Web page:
"The Security Council affirms the role of the United Nations in setting general standards for peacekeeping, and urges compliance with existing United Nations guidelines, including through the use of the Ten Rules Code of Personal Conduct for Blue Helmets, which were elaborated following a request by the Special Committee on Peacekeeping Operations (A/51/230). It encourages all those involved in enhancing Africa's peacekeeping capacity to ensure that

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training for and the conduct of peacekeeping give due emphasis to international humanitarian law and human rights, including the rights of the child, as well as to gender issues. It requests all those conducting peacekeeping operations in Africa to pay particular attention to the situation of children in armed conflict, as appropriate, both in mandates for and reports about such operations.

"The Security Council supports the efforts of the United Nations, regional and subregional organizations as well as Member States in the field of training for peacekeeping.

"The Security Council welcomes the readiness of the United Nations to act as a clearing-house for information on available training initiatives. It particularly welcomes the intention of the Secretary-General to establish a United Nations database on training. With the aim of strengthening Africa's peacekeeping capacity, the Security Council requests the Secretary-General to pursue these plans, and to include in the database information about African needs in this field, possible regional and extra-regional contributions to assist in achieving this goal, and available expertise on training. It encourages Member States and regional and subregional organizations to contribute information to the database. It encourages the Secretary-General to consider possible further uses and broadening of United Nations databases, for instance in humanitarian crises.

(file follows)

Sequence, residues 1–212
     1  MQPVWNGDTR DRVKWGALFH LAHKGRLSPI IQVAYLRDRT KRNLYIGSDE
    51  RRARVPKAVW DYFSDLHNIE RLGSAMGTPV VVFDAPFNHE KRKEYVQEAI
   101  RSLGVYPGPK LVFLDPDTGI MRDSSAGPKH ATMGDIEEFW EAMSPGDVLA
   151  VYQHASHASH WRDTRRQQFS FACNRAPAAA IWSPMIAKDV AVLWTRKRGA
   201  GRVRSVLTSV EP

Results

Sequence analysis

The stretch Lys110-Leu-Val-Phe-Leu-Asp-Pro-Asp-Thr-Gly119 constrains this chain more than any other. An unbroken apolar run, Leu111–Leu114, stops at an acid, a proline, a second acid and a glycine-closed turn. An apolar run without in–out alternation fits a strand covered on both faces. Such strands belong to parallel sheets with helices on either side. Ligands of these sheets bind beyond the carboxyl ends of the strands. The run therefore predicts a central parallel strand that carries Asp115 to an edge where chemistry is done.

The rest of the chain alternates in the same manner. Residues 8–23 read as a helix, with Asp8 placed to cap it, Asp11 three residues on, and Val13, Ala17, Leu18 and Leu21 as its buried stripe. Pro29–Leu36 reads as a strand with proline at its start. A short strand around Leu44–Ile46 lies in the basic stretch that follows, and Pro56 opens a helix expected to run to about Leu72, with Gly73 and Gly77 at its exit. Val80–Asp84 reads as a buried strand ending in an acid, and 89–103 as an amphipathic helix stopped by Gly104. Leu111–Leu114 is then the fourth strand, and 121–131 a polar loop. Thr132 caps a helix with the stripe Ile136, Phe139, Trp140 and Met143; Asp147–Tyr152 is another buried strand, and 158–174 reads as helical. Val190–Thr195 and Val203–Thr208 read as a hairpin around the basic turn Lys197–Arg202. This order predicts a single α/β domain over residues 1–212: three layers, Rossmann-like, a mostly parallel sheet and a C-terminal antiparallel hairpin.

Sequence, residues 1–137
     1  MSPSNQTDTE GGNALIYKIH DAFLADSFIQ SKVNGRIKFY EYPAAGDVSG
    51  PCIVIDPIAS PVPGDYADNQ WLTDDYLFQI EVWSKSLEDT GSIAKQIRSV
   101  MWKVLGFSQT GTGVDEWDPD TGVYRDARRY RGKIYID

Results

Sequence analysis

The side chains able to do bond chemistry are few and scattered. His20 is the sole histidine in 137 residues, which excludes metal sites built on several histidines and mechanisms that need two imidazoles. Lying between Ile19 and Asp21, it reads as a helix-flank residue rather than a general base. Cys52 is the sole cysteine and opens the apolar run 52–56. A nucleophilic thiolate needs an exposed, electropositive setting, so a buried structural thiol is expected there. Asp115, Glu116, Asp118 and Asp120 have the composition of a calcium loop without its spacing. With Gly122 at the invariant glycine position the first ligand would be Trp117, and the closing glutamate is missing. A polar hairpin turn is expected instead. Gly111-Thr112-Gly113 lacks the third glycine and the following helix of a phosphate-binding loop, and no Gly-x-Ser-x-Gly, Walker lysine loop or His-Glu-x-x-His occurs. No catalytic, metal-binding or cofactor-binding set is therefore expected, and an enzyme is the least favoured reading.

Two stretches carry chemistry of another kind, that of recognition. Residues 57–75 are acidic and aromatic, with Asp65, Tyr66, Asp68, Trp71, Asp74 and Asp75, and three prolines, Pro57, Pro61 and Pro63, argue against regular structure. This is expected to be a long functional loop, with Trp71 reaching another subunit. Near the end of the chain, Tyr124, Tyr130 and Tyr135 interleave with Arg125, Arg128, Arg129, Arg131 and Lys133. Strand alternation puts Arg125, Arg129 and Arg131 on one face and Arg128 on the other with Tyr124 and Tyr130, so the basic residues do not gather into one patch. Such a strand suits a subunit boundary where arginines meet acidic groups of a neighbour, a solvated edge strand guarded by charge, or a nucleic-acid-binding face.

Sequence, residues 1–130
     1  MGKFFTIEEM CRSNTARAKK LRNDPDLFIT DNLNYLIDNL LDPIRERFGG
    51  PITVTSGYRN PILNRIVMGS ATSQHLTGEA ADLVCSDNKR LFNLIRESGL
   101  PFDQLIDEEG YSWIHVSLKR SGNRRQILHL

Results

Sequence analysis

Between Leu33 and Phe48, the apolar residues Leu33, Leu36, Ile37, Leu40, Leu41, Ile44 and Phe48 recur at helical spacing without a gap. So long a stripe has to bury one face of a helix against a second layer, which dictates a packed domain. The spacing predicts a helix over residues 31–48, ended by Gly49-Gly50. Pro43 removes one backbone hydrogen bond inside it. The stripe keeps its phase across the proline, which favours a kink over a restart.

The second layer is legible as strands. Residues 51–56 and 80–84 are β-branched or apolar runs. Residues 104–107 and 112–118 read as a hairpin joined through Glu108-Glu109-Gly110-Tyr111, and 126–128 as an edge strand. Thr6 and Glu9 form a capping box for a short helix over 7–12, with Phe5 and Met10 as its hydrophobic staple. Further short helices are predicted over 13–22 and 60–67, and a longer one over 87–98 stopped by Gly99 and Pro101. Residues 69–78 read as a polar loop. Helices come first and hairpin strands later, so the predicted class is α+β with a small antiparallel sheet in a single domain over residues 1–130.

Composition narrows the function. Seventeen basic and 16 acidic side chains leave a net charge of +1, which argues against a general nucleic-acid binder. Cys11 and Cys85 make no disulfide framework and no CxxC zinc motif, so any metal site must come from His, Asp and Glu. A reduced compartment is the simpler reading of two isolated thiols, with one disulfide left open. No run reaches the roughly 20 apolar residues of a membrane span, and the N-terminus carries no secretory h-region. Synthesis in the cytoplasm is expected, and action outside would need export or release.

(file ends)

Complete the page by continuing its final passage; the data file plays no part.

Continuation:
"The Security Council also welcomes the proposal of the Secretary- General to establish an informal working group composed of African and non-African States directly involved or interested in the provision of training assistance.

"The Security Council emphasizes the value of training aimed at improving coordination and cooperation among military, police, humanitarian and other civilian components of peacekeeping operations. It encourages the Secretary-General and Member States to engage international and non- governmental humanitarian organizations, as appropriate, in peacekeeping training activities.